Archive for the ‘Lonestar College’ category

2014 Distance C# Development Classes

January 1, 2014

Once again Lonestar College will be offering distance-only C# development classes in the Spring of 2014.

Classes to be taught this semester are:

Introduction to C# (COSC1420) The course will instruct the student to basic programming constructs using C# and Microsoft Visual Studio 2012 / 2013. The student will learn the basics of the C# language and develop a basic Windows application. Language, Class, and Object fundamentals will be taught. A brief introduction to database interfaces may be included.

Advanced C# (ITSE 1492) The course will instruct the student to advanced programming constructs using C# and Microsoft Visual Studio 2012 / 2013. Successful course completion will require the development of a deployed Windows application (including the creation of a setup file). Other topics include multi-threading, user-controls, reflection, SQL and ADO (introductory), event handling, and Office 2007 Look and Feel.

Web Applications (ITSE 2472) The course will instruct the student in the development of a simple Web Application using an array of web application tools: HTML, CSS, JavaScript, C#, and SQL. Successful course completion will require the development of an Internet (Browser-based) application including rudimentary SQL interfaces.

Contact me at Mark.E.Reynolds@Lonestar.edu for additional information. Or visit my college blog at http://lonestar.edu/blogs/markreynolds.

(If you have not had all of the prerequisites for a course, contact me and we will discuss your options. Or you may contact counselor Erma Walker at Erma.M.Walker@Lonestar.edu.)

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Penny Rounding Problem

February 10, 2012

A computer rounding problem that I like to call “The Penny Rounding Problem” has been around for many, many years. At least two movies have been made with this problem a core element: The Office, and Superman III. The basic problem is that a column of numbers should add up to the total at the bottom. But they do not.

Mark Reynolds is currently at Southwestern Energy where he works in the Fayetteville Shale Drilling group as a Staff Drilling Data Analyst. In this position, he pulls his experiences in data processing, data analysis, and data presentation to improve Southwestern Energy’s work in the natural gas production and mid-stream market.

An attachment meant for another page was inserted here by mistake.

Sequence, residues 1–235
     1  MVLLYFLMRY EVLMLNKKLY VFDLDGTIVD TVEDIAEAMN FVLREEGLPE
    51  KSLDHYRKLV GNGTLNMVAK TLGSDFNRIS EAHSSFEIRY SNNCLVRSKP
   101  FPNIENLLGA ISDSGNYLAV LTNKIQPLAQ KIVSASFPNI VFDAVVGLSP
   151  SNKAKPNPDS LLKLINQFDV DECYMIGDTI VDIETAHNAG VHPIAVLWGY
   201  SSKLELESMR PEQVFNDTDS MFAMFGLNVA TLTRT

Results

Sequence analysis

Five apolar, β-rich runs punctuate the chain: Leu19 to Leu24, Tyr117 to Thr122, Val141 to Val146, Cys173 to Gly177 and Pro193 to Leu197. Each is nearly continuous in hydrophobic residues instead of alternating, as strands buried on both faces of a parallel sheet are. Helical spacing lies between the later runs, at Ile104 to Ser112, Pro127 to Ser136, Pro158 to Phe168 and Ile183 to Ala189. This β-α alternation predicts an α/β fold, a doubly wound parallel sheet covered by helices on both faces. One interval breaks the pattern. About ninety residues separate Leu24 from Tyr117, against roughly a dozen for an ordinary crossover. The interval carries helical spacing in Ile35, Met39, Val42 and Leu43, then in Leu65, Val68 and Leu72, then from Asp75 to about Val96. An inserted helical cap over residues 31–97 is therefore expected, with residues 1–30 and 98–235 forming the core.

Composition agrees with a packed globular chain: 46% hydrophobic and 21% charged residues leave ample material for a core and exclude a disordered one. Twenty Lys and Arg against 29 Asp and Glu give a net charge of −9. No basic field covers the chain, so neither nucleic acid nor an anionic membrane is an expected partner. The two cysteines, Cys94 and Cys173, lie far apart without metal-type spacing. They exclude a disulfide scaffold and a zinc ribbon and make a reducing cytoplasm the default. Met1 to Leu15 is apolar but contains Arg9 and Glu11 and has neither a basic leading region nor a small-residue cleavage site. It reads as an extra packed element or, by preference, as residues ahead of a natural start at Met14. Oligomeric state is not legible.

Recently, Mark has been working toward improved data collection, retention, and utilization in the real-time drilling environment.

www.ProfReynolds.com

For example: 1/3 is represented as .33, or even .333. But if you add .33 together 3 times, you get .99, not 1.00 – a penny off. This is why your final mortgage payment (if you ever actually paid it off) is never exactly the same as the monthly amount. Even worse, take 2/3 or .67. Multiple .66666… by 3 and you get 2.00; multiply .67 by 3 and you get 2.01.

Solving the problem is relatively simple, but requires diligence. Individual calculations must be individually rounded to the correct number of decimal places.

When I teach Excel at the college, I require the student to explicitly ROUND the answer to any mathematical operation involving

  1. possible sub-penny answers (divide by three, multiply by .0475, etc.)
  2. currency
  3. down-stream use of the answer.

Taken individually — addition of two numbers will never generate sub-penny digits, non-currency measurements (weight, speed, etc) do not bother people when the totals are off by small decimal fractions, and if the result to the mathematical calculation is never to be used then no one cares.

So when an interest equation is entered into Excel
= A3 * A4 / 12,
you should change it to be